- Police Officer
- UPS Delivery
Of course, the real challenge is when the person wearing the uniform to commit bad deeds actually owns the uniform. How can you tell a fake policeman from a real one? First, it's the details. Fake cops don't typically carry all the appropriate gear. They can't provide the name of their watch commander and won't tolerate you wanting to call 911 to verify they are actually a cop. Secondly, people who wear uniforms often drive vehicles with similar markings. A fake UPS guy or telephone repairman would look pretty sill showing up in a Toyota Camry wouldn't they?
As crime authors you can use uniforms in very interesting ways. They are effective tools to deceive your readers and the other characters they interact with. Just as in real life, some witnesses may remember more about the uniform than the man wearing it. Think about the armed robber in the Santa Suit. Would you be surprised if every eye-witness described an old fat guy in a red suit and long white beard? Not much help to detectives is it? As you're writing your next scene you might want to consider how a uniform might add a little depth to the story.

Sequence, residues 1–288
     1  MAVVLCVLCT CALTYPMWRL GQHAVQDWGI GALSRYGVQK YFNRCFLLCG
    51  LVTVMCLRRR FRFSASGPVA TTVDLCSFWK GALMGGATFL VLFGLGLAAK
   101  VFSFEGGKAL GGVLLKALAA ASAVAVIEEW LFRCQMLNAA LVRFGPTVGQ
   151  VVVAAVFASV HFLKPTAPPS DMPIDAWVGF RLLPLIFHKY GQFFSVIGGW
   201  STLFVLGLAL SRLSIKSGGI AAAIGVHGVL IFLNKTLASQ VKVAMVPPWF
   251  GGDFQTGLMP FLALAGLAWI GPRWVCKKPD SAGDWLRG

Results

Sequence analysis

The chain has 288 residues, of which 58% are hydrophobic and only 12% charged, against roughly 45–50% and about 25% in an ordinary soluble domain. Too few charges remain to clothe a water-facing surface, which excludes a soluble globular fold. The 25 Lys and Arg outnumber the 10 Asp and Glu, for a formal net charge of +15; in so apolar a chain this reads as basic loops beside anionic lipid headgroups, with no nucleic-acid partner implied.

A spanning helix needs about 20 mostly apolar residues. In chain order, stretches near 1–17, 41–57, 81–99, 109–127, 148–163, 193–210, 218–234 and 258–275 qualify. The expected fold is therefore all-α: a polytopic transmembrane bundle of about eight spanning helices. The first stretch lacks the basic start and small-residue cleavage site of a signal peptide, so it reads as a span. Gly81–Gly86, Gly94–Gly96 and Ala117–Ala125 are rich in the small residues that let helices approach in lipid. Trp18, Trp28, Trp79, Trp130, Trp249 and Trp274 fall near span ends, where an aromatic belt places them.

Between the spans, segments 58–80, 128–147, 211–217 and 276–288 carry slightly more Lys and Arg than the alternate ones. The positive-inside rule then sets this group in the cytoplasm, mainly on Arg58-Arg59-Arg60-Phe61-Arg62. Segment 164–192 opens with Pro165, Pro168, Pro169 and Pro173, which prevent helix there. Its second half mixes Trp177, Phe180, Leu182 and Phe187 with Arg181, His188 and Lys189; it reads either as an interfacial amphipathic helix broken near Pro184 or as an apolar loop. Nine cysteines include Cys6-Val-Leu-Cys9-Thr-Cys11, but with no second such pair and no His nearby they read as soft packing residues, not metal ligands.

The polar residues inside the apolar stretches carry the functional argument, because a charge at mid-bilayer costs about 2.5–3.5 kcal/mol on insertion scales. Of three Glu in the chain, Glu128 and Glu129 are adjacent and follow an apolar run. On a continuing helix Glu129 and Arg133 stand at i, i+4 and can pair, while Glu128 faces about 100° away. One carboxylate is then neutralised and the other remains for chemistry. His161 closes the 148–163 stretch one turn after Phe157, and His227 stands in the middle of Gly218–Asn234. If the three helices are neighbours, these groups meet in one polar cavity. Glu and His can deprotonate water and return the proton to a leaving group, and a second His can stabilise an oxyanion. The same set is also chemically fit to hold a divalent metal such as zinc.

Would a woman more likely open her door to a police officer or a clown? Would a policeman be more likely to give a warning to a priest for speeding, or a UPS driver? There are no absolutes and that's the best part. Our characters can perceive uniforms in any way we choose right? The reader just needs a little back story. A uniform or costume is no different than any other scene element but it might be a lot more subtle. The readers perception might remain unchallenged until that moment you want them spinning on their heels. Those are the moments I remember the most while reading. That moment where my world adjusts in a way I never saw coming; just like Santa sticking a gun in your face.